Browsing named entities in Edward L. Pierce, Memoir and letters of Charles Sumner: volume 3. You can also browse the collection for Hunter or search for Hunter in all documents.

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Edward L. Pierce, Memoir and letters of Charles Sumner: volume 3, Chapter 36: first session in Congress.—welcome to Kossuth.—public lands in the West.—the Fugitive Slave Law.—1851-1852. (search)
on was to end August 31. The civil and diplomatic appropriation bill, of which Hunter of Virginia had charge, was on his motion taken up on the 19th. It was not, hon acted upon. Sumner was watching meanwhile for his chance, when, on the 26th, Hunter, on behalf of the committee reporting the bill, moved an amendment for paying tovision did not cover expense incurred in executing the Fugitive Slave law; but Hunter, who offered the amendment, knew its purpose too well to make such a statement e auditor, Mr. Whittlesey, and ascertained from him definitely its purpose. To Hunter's amendment, immediately upon its being offered, Sumner moved the amendment, prng the Rebellion, Sumner, in a speech in the Senate, June 24, 1864, recurred to Hunter's fair conduct on this occasion. Works, vol. IX. pp. 33, 34. and South Caroli from Sumner's speech, and was finally arrested by the chair at the instance of Hunter, who expressed a wish to go on with the pending appropriation bill. Sumner was
Edward L. Pierce, Memoir and letters of Charles Sumner: volume 3, Chapter 37: the national election of 1852.—the Massachusetts constitutional convention.—final defeat of the coalition.— 1852-1853. (search)
e. I pleaded with him not to do it; so did his colleague. It is incomprehensible to me. From day to day, in conversation with me, he had hoped that we might be spared any such day of humiliation. I await the corrected edition of your sermon, On Mr. Webster. which has produced everywhere a profound impression. The writers for the Washington Union have all read it; and Pryor, Roger A. Pryor. the young Virginian who has been placed in the establishment as the representative of Mason, Hunter, and Meade, read it through twice and then announced to his friends that there was but one course for them,—namely, to maintain that slavery is an unmixed good. To Mrs. Horatio Greenough, December 21:— Sincerely and deeply I mourn with you. The death of Horatio Greenough He died. Dec. 18, 1852. at the age of forty-seven. Mrs. Greenough died in 1892. is a loss not only to wife and children, but to friends and the world, to art and literature. With sorrow unspeakable I learned th
Edward L. Pierce, Memoir and letters of Charles Sumner: volume 3, Chapter 40: outrages in Kansas.—speech on Kansas.—the Brooks assault.—1855-1856. (search)
ead it. and he is said to have complained of the speech on the first day to Senator Hunter, Edmundson's testimony. Congressional Globe, p. 1362. and it is probablnot record a negative. Later (June 24), when the subject came up incidentally, Hunter denied the jurisdiction of the Senate, maintaining against the precedent that tim at his lodgings as soon as he heard of the assault, spoke June 24, following Hunter, who had treated the question of jurisdiction. He paid a tribute to Sumner as s civil or military service,— Jefferson Davis, Toombs, Iverson, Slidell, Mason, Hunter, Clingman, Cobb, Orr, and Keitt. A profound feeling of indignation pervaded amendmet, which maintained a higher duty on wool, and both voted for the bill (Hunter's) on its passage. The House disagreeing, a bill of the same general charactered between the parties and the sections, consisted on the part of the Senate of Hunter, Douglas, and Seward, and on the part of the House of Campbell of Ohio, Letcher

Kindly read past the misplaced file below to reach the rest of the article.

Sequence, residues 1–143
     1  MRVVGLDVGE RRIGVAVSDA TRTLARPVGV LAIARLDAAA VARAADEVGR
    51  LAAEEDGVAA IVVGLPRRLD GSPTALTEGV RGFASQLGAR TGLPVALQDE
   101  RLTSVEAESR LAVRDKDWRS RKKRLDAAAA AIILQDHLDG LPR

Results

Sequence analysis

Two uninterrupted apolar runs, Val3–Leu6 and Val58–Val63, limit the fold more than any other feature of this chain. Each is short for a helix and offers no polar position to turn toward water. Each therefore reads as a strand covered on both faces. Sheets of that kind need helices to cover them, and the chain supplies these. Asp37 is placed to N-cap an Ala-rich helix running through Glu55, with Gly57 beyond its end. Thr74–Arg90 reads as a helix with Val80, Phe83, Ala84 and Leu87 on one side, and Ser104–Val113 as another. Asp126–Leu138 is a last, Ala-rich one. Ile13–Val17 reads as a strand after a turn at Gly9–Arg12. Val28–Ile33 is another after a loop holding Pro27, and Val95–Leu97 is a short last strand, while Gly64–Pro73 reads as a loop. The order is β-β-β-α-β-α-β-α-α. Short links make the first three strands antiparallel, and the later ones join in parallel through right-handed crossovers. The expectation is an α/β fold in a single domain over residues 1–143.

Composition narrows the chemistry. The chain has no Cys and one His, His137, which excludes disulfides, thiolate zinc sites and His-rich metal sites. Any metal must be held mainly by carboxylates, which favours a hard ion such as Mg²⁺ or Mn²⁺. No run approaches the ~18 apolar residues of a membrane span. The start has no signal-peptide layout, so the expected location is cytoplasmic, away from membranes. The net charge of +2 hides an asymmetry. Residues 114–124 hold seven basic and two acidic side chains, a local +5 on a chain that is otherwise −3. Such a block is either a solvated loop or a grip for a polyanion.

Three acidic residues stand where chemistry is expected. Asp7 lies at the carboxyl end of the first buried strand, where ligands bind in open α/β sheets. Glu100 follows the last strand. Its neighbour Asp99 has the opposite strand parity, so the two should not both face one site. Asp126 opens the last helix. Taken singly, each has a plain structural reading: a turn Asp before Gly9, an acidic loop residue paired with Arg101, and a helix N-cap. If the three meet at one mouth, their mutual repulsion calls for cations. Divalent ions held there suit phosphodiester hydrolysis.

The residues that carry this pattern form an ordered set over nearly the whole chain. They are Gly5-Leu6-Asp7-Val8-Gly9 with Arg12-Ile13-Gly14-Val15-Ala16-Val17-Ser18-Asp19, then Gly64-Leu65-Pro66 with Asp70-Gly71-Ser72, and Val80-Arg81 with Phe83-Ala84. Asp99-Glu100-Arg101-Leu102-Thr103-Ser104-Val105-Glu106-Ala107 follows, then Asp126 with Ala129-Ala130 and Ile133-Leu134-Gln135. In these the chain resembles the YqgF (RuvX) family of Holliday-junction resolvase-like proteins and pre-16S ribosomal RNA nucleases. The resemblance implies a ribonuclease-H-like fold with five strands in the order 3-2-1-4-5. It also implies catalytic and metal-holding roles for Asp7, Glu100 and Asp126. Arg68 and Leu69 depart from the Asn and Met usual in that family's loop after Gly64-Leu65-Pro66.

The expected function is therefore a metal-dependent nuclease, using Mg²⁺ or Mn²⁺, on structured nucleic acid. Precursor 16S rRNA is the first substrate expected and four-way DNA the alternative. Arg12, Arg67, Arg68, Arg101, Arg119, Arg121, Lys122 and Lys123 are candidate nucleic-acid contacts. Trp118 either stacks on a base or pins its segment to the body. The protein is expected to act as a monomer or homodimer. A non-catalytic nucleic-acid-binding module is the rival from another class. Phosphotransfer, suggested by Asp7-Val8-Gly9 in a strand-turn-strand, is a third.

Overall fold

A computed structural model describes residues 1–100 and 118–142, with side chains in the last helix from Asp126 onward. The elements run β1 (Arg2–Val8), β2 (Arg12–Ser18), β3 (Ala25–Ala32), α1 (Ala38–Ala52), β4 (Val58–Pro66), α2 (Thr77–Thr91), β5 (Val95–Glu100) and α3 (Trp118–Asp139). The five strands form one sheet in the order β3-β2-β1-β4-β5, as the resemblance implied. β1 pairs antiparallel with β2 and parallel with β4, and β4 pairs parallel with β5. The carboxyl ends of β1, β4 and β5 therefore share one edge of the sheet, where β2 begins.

Edward L. Pierce, Memoir and letters of Charles Sumner: volume 3, Chapter 43: return to the Senate.—the barbarism of slavery.—Popular welcomes.—Lincoln's election.—1859-1860. (search)
or I know that you are true and earnest. Should Seward be rejected there, I fear it will cause him a pang. Douglas will not be put up at Charleston. I long for Hunter. Then will the question be fairly in issue,—on one side slavery, just, divine, permanent; on the other, unjust, barbarous, and to be abolished. And again, Ma He was prompted to meet the general issue at this time by the bolder attitude of Southern members of Congress during the session,—like Hammond of South Carolina, Hunter and Mason of Virginia, Brown and Jefferson Davis of Mississippi,—who had not hesitated to defend the institution as a normal condition of society, beneficial to bwas Wigfall of Texas, ill-favored by nature and not improved by art, who kept walking about, and doing his best to disconcert the speaker by looks and attitudes. Hunter, as usual, listened with respect, and maintained the decorum which becomes a senator. Crittenden, who thought to avert the dread issue by compromise, sat in fron<